Give them someone to write to: Make sure that your readers know who to contact, and invite them to share their opinions, feedback or ideas for future newsletters.
Subject lines: This is probably the most important part of any newsletter. They need to grab the reader’s attention, and if you know what your audience wants, the subject lines shouldn’t be hard. But they must speak to the needs of your reader.
Of all the things going on in their lives, as it relates to whatever you are selling, what’s their biggest need right now? Answer that and you’ve got a perfect subject line.
Who cares? Whether it’s a newsletter, a blog post, or a tweet, ask yourself: “Who cares?” If you can identify the person as your reader and the content as important enough to get them to care, then you have a good topic.
Remember, it’s not about you – in fact when it comes to creating great content and newsletters that rock, you don’t matter at all. Keep that in mind, and understand that this is about putting together a message that 100% benefits the people you are writing to.
Personal notes: What prompted this article was an email note I got this morning. The subject line said “A personal request,” which prompted me to open it. When I did the email started out with Dear….., and a bunch of spaces after the word “dear” because I had not entered my name into their system. Be really careful of this.
Not everyone enters their name into your email list when they sign up; if they don’t, you want to try and avoid these types of emails because they look a bit odd to the recipient. A subject line that said “A personal request” along with an email that was anything but personal caused me to unsubscribe right away.
Length: A lot of people say that they prefer shorter emails to longer ones. I say it really depends on your market. Our newsletter is pretty long but it’s packed with content, and I hear from authors all the time that they keep these issues, often printing them off.
Your market will dictate how long or short your newsletter should be and if you are following others in your market, this will tell you a lot.
Colors vs. text: I’m still a big fan of text-based newsletters. I know that folks will say that color works best but I still think that color newsletters can be harder to read on your phones and often wind up in spam filters.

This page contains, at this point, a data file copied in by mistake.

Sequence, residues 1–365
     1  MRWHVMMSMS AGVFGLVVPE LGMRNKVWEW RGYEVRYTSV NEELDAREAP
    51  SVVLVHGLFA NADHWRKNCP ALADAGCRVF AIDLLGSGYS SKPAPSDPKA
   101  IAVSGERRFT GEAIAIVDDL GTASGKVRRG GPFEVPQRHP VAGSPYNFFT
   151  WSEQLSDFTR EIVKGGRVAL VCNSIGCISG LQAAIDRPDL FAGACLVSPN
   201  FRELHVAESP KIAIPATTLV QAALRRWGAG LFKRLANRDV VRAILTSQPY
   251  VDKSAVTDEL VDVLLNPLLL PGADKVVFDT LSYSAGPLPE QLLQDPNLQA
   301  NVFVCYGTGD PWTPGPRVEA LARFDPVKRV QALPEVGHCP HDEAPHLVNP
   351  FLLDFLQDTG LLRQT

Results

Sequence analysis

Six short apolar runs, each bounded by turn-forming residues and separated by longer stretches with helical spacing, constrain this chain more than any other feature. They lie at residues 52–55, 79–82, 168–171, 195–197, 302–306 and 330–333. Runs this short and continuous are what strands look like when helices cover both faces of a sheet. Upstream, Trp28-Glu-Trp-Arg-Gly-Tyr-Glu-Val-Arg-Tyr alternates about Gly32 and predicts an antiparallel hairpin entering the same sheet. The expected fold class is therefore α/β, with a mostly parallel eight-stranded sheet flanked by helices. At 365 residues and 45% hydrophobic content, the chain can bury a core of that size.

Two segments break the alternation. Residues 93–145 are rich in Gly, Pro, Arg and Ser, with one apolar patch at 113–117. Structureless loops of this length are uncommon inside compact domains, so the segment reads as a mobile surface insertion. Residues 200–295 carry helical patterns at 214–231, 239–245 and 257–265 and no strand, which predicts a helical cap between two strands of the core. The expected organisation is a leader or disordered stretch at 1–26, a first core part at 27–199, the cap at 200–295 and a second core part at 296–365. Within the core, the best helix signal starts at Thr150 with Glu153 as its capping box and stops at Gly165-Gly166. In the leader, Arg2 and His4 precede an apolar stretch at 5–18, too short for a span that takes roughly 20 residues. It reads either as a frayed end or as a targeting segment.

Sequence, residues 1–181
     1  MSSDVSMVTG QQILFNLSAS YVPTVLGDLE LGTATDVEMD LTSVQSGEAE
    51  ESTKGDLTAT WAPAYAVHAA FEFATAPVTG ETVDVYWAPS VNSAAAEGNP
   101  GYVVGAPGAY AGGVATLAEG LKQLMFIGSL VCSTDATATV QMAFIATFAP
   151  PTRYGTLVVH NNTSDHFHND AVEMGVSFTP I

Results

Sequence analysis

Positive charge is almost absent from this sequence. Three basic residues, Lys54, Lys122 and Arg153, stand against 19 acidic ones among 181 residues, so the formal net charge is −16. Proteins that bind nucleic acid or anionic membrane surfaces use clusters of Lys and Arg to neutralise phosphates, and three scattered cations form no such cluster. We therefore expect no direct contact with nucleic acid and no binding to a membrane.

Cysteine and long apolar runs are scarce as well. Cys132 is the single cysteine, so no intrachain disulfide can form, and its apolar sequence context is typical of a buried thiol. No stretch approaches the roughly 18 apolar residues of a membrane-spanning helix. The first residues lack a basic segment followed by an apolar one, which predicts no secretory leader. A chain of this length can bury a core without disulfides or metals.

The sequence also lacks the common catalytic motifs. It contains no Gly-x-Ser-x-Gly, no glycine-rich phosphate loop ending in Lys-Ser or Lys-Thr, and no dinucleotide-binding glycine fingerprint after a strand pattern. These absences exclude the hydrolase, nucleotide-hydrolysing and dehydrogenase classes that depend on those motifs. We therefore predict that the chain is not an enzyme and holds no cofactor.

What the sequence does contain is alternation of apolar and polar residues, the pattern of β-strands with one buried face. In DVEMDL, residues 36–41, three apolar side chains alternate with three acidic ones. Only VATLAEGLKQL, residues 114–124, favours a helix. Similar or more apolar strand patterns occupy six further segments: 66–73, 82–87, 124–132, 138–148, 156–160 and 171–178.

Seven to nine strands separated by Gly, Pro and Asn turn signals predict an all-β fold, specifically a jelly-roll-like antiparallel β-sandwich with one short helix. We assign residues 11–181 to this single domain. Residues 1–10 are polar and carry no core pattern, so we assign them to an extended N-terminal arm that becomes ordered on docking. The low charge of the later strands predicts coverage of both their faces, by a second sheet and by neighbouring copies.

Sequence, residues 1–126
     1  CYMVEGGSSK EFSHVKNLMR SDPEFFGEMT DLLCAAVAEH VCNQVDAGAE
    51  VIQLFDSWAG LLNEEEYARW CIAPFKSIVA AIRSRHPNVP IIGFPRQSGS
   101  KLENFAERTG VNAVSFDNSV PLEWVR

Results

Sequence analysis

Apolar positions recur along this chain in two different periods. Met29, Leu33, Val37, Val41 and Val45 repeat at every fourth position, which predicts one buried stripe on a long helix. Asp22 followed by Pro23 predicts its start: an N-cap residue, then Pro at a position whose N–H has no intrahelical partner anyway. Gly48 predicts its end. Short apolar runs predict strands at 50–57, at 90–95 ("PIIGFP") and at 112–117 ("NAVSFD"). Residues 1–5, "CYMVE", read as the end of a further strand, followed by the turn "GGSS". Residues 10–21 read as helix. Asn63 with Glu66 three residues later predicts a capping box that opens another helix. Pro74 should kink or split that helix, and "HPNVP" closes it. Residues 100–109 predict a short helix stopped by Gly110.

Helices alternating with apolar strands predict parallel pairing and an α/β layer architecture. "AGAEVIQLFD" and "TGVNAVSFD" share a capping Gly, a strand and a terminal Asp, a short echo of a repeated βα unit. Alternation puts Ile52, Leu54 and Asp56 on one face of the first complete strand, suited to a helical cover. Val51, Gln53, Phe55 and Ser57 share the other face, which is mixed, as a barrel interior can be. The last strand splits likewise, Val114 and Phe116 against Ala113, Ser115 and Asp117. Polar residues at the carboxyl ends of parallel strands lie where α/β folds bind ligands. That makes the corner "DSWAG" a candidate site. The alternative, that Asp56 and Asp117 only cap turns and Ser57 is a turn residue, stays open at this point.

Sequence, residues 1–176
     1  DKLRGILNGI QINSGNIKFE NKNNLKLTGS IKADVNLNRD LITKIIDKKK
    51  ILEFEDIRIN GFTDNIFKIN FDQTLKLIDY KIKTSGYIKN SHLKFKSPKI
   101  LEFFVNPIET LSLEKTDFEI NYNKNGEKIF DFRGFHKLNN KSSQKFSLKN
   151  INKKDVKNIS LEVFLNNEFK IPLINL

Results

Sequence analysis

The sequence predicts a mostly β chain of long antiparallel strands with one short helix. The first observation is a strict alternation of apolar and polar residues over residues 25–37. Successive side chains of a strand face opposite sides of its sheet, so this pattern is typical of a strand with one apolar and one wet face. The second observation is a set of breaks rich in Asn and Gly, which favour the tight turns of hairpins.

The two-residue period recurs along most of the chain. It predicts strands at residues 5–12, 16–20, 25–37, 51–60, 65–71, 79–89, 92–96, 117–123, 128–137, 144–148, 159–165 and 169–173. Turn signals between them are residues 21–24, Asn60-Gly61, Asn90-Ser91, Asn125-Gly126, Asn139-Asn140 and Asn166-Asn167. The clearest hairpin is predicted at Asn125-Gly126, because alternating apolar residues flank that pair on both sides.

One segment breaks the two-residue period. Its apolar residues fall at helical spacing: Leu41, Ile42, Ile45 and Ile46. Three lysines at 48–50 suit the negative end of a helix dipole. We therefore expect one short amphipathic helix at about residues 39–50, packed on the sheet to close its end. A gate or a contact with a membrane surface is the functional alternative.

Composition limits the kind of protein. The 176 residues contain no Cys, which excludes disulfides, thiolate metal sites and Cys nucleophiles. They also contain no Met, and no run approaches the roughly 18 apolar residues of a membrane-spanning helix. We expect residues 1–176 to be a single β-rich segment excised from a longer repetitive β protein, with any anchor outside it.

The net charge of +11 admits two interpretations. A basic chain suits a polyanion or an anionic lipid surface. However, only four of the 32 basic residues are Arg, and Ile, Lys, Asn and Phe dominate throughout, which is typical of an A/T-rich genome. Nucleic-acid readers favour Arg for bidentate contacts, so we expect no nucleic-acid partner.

A lot of people will be reading your newsletter on their iPad or phones so keep it simple.
Frequency & Consistency: How often you deliver your newsletter will generally depend on your consumer, but a good rule of thumb is once a month at a minimum and once a week at a maximum.
I would not recommend sending your end-user too many announcements and newsletters. Also, it’s a lot of content to create, so keep that in mind.
If you build a loyal following you can often create special blasts with more frequency and not lose readers, but remember that we’re all inundated with emails, so many times, less is more.
Also, be consistent. Pick a day and time that works for you and deliver on that promise.
Editing: Please make sure your newsletter is edited, this is so important. Remember that everything is your resume. I used to know a guy in publishing who put out a newsletter that said “this is not edited.”
I felt like it detracted from his message, especially when he backed up that statement with typos. Not good. If you don’t have time to send out an edited newsletter, you should consider whether or not you have the time for it at all.
Appeal to the “skimmers:” Most people skim email these days, so appeal to that. Use short paragraphs, bullet points and strong headlines. That way your reader can glance through the newsletter without having to sift through endless copy and get to the heart of what they are looking for.
Promote or not? I’m not a fan of a newsletter that’s all heavy promotion. You know the ones I mean, they scream “Look how fabulous I am” and then contain a lot of sales copy and special offers. I unsubscribe from those pretty quickly.
Ideally you want to strike a balance. Clearly you are doing this to promote yourself and you want your readers to know what you do, what your message, book, or product is about, and how they can get it.
You can and should talk about this in every issue but a healthy balance is 95% information and 5% sales. You’ll build customer loyalty much faster this way.
Having a solid base and a consistent way to communicate with your audience can really help to optimize and increase your bottom line.
A newsletter might seem like a lot of work, but in the end if it’s done right it will pay off in some pretty amazing ways.
This article was originally published on The Future of Ink and is reprinted here in its entirety for our Magnolia Media Network readers.